But today, we can generate far superior immersive experiences using far cheaper equipment, such as a £300 Oculus Quest 2 “stand-alone” headset with controller-free hand tracking. That’s like having your own personal immersive dome, with all the added benefits of interactive and navigational freedom and a wealth of immersive experiences.
The XR community is screaming out for experienced and competent developers. We really should be embracing the educational and skill-generating opportunities provided by the availability and affordability of VR tech - not spending vast sums of cash on what amounts to not much more than an IMAX cinema inside a bowl.
Take it to the people
At a time when cities like Plymouth are vying to become national hubs of capability and expertise, boasting the biggest and most awe-inspiring dome or fixed-location facility is not the way to go about things. It's certainly not going to help foster the necessary skills for our future creative specialists.
Everything I’ve seen in the last 30 years points to the fact that putting together such fixed location facilities, many of which don’t last financially, is not a cost-effective way to educate the next generation and inspire young people to take up tech careers. What we need to do is get VR out there, engage, inspire, explain and make a difference.
We have to take it to the people.
Very recently the Market Hall Dome was used to show a “Finding Nemo”-like cartoon production, describing it as an “underwater paradise” and suggesting that viewers would learn about climate change as part of the package. You want to teach school kids about climate change and the fragility of underwater ecosystems in an exciting and interactive way? Then I would say focus on something of relevance on your doorstep. That’s what my small University team did back in 2007/8 with Project Scylla, where we let children explore the ex-HMS Scylla artificial reef using a virtual remotely operated vehicle (ROV).
The experience was enriched with a geographically accurate model of the Whitsand Bay coastline from Rame Head to Portwrinkle, constructed using digital terrain map data and aerial photography.
The project empowered learners to investigate and predict how natural environments survive, reproduce, colonise and evolve and may be affected by environmental changes brought about by climate change, extreme weather events or pollution.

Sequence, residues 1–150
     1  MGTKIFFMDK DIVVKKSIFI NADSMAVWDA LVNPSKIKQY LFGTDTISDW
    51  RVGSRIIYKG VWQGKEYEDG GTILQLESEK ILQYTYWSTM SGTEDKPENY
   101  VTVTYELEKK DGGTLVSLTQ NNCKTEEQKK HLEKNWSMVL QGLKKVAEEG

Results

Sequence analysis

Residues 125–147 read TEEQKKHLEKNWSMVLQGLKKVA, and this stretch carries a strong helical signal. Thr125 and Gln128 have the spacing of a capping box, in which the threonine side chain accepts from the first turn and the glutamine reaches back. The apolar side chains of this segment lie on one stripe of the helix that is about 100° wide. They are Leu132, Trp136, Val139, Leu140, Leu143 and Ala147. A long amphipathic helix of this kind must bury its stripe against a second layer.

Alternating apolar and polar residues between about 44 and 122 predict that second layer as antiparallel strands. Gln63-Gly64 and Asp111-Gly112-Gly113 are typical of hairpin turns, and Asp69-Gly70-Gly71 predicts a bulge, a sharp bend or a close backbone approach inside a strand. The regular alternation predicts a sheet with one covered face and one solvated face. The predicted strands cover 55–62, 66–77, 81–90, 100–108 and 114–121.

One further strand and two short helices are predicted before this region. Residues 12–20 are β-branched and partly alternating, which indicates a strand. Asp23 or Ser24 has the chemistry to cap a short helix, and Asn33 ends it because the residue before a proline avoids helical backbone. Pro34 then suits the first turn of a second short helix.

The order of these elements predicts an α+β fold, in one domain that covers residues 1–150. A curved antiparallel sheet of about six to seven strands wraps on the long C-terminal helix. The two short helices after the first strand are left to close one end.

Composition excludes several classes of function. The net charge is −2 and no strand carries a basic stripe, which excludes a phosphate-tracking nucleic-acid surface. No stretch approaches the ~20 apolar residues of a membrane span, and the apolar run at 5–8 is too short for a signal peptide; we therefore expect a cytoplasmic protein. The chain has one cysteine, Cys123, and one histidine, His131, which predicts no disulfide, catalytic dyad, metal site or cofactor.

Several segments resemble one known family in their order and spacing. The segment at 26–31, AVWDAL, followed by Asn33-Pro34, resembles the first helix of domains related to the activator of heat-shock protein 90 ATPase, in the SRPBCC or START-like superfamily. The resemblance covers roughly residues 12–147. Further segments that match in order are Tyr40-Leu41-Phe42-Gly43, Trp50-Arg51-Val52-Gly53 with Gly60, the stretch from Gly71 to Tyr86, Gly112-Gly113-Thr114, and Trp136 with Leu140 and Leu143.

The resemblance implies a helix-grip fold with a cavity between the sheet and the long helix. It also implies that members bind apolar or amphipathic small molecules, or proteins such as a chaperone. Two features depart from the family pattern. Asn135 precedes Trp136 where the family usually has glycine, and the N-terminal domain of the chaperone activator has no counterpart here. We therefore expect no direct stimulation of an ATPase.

With the power to alter the temperature of the water, kids attending a special event at Plymouth’s National Marine Aquarium learnt what a few degrees of warming really means. By making the sea slightly warmer, the algae would die, which meant the urchins would then die, followed by the starfish. That’s education – tempt them to become interested by flying around a spooky wreck reminiscent of the Titanic, then expose them to the science. And for Plymouth kids, it’s a wrecksite on their doorstep.
The power of genuine interaction
Having genuine agency over your virtual environment, as in the Project Scylla example above, is a far more powerful educational tool than showing kids videos (even wraparound videos). Countless studies have shown that by giving students some element of choice in their learning encourages higher levels of engagement, the motivation to push through challenges, and more often than not a deeper understanding of the topic at hand.
And there are healthcare benefits to the interaction afforded by virtual reality, too.
My team is involved in an evolving research project into how to exploit VR recreations of areas of natural beauty to help patients recover from traumatic incidents (including operations) and improve the wellbeing of others, from settings as diverse as Intensive Care Units to elderly care homes.
These projects include immersive wellness sessions using the sights and sounds of Wembury coastline, where users can listen to the waves and the gulls, watch the sunset, and walk around the coast.
Another project involves integrating part of Virtual Wembury with a digital medical spirometer, and using the force of your breath to launch rocks from a mediaeval catapult on the cliff onto boats moored offshore. It’s great fun and motivates patients to improve their lung capacity after surgery, whilst collecting clinical data for hospital specialists to monitor at the same time.
Glimmers of hope
VR and immersive tech is becoming more mainstream, but we must go much further as a tech community to realise its potential. People still associate VR with gaming headsets and large-scale projection enclosures, including domes - but it can be so much more than that.
We need a step change. And that’s not going to come by expecting our future generations of XR developers to flock towards large, fixed facility venues. We need to understand the needs, abilities and limitations of our end users.
So-called Human-Centred Design is something my team and I undertake for every XR project, and it hasn’t let us down once. XR is about putting the human first and foremost, defining content and interactivity long, long before hardware and delivery techniques. Forcing technology onto communities without understanding these issues is a sure-fire pathway to disaster.
For an overview of previous projects by Human Interface Technologies, click here.